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bug ([personal profile] smalldeer) wrote2015-05-12 01:48 pm
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moral panics & developing media

In 1972, Stanley Cohen tied the idea of moral panics to the way "a condition, episode, person or group of persons emerges to be come defined as a threat to societal values and interests" - in other words, a folk devil - something that causes a significant part of the population to become incensed at or afraid of the idea that culture as they know it might change for the worse, often regardless of the subject's actual threat level.

In the 1960s-70s, the easiest examples would have been the Teddy Boys or hippies. In modern society, however, the definition of a folk devil is arguably no longer so cut-and-dry. With the rise of the internet as an easy method of connecting with other like-minded individuals globally, hundreds upon thousands of micro-communities have formed (I use the term loosely, since often these communities may consist of tens of thousands of members at a time and often overlap), and each has its own set of cultural values and norms - quite often with fairly rigid standards for acceptance.

Naturally, countless articles and blog posts and news reports have been angrily thrown out to the world about this new digital age - ironically, many of them existing solely or primarily online...



While some studies included in published articles seem to suggest nay-sayers are correct to be apprehensive, the fact that they seem to be conducted by people who don't quite understand how the internet functions as a network tends to reflect badly on the idea that they have anything legitimate to fear - and thus, the perceived folk devil remains just that. Internet Paradox: A Social Technology That Reduces Social Involvement and Psychological Well-Being? is an article by Robert Kraut in which it's stated that use of the internet was associated with "declines in the size of their social circle", when in fact this writer has a strong suspicion that the more extended part of that social circle simply migrated online (and, likely, expanded further).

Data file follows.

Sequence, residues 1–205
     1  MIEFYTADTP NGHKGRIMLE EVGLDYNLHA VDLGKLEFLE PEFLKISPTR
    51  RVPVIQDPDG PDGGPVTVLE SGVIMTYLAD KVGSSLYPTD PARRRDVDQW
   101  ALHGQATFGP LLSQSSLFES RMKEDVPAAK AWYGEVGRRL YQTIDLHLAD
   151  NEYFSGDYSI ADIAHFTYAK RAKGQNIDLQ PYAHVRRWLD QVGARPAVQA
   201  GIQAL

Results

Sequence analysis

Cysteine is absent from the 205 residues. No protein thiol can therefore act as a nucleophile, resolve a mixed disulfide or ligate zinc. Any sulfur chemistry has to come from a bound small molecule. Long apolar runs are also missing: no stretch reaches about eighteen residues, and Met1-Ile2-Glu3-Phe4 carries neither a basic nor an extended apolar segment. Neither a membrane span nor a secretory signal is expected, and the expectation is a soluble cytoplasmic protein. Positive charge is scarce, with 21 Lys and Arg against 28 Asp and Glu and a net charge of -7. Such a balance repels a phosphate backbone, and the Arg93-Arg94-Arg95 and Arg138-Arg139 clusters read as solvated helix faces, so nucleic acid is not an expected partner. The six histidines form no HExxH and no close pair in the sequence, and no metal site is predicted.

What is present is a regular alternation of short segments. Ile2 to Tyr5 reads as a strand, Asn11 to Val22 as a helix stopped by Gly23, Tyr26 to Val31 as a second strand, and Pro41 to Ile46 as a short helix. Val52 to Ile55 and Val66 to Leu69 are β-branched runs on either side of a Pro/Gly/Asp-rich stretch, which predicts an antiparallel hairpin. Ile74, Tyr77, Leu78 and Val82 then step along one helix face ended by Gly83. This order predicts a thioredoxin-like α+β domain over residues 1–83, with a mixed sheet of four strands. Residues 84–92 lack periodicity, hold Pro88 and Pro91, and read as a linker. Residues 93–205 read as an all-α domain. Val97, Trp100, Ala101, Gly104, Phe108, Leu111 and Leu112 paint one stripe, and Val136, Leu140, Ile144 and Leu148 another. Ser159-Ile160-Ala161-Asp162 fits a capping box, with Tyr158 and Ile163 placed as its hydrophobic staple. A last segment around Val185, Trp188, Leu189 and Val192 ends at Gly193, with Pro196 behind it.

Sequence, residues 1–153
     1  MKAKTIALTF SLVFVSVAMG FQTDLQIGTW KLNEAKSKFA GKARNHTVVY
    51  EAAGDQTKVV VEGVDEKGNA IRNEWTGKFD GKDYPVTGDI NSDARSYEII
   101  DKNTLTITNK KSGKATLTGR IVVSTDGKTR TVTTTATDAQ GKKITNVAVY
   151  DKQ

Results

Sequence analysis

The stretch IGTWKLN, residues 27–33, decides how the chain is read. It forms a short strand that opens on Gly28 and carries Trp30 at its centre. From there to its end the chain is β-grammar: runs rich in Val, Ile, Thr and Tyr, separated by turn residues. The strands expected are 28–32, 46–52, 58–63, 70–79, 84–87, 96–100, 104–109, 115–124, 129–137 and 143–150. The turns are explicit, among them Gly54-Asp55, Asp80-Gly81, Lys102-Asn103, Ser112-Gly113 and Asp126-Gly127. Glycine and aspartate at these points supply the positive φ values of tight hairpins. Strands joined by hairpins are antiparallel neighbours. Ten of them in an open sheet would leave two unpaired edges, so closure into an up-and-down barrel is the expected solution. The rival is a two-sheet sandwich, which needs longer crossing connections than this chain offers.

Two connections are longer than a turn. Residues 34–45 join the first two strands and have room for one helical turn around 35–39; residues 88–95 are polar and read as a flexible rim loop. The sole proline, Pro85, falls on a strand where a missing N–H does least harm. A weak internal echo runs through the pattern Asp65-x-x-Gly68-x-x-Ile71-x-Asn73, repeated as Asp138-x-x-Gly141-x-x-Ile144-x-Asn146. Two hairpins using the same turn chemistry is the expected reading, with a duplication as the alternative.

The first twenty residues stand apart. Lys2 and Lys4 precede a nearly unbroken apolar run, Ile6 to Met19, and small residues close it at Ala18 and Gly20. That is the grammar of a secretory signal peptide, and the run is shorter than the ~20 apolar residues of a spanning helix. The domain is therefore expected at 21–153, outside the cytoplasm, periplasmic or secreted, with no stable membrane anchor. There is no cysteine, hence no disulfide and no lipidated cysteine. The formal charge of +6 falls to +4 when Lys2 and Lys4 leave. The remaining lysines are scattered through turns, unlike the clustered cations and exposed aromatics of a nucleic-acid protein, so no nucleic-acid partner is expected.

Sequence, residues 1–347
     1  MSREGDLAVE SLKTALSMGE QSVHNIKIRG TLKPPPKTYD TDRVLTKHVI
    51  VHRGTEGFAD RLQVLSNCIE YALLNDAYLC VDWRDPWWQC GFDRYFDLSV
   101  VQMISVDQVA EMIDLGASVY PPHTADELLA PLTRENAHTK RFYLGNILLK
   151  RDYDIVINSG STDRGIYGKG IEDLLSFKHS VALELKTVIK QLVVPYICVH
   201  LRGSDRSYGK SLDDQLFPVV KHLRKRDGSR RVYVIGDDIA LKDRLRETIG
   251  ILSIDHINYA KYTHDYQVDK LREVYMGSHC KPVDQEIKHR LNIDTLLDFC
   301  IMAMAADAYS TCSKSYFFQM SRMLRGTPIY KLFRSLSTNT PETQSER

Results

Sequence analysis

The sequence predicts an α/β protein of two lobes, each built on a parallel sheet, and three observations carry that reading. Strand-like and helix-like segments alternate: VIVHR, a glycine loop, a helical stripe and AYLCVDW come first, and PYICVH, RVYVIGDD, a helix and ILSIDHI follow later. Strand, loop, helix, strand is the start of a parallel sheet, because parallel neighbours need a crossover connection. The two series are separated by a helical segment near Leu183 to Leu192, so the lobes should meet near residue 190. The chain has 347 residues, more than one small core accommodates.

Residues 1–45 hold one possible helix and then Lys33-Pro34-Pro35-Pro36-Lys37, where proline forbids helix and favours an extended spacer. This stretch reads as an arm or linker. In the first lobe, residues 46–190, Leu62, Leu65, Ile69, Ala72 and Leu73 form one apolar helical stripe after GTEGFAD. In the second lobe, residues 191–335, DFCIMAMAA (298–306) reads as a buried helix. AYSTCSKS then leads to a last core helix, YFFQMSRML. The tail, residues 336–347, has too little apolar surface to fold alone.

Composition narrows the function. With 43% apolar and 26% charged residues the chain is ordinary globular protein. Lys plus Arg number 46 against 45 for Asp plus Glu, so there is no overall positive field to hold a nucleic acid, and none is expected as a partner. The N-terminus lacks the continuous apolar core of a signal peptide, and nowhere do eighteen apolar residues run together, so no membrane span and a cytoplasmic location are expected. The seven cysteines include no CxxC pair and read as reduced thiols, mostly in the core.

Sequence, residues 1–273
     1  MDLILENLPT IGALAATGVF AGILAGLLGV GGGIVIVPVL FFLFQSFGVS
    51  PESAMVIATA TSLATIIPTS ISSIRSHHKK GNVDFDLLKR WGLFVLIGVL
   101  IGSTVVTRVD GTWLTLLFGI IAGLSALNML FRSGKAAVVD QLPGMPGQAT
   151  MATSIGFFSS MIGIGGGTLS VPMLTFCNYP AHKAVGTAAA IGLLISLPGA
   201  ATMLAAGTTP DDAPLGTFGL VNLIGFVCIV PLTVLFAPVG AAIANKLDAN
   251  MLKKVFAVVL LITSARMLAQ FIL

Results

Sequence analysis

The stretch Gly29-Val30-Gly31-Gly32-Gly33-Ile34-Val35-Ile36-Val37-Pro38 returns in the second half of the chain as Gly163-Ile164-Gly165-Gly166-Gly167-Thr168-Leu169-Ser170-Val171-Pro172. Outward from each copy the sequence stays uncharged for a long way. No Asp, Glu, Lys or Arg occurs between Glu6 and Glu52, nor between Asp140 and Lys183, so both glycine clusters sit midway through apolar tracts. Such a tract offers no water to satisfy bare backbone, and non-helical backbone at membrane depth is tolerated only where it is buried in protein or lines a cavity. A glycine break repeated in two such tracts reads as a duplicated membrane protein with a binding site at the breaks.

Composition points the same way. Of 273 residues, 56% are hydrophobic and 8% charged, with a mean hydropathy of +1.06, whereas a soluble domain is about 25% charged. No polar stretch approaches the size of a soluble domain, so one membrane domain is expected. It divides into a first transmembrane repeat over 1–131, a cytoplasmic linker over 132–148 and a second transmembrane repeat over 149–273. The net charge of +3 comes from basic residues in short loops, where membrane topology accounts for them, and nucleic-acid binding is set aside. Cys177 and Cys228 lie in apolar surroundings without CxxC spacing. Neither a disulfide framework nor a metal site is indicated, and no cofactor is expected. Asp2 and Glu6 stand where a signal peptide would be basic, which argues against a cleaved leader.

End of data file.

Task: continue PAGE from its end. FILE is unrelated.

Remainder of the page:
One of Ajit Johnson's #This_Generation originals.
An edit made by an unknown Tumblr user (since removed when Johnson threw a paddy about it).


Backlash from digital citizens hit an amusing high this year when Ajit Johnson's art piece #This_Generation hit the web and was immediately met with full-scale criticism as internet users seized the opportunity to have fun with the concept and ridicule the artist at the same time by creating their own, reversed, versions of the posters.

On a personal level, this blogger very much doubts there's all that much to have a moral panic about - but it nonetheless exists, and people's arguments back and forth will no doubt serve as an ongoing source of interest and study for anyone tracking cultural development in the digital age for years to come.

Sources

  • Cohen, S. (1972). Folk devils and moral panics. London: MacGibbon and Kee.
  • Kraut, R., Patterson, M., Lundmark, V., Kiesler, S., Mukophadhyay, T. and Scherlis, W. (1998). Internet paradox: A social technology that reduces social involvement and psychological well-being?. American Psychologist, 53(9), pp.1017-1031.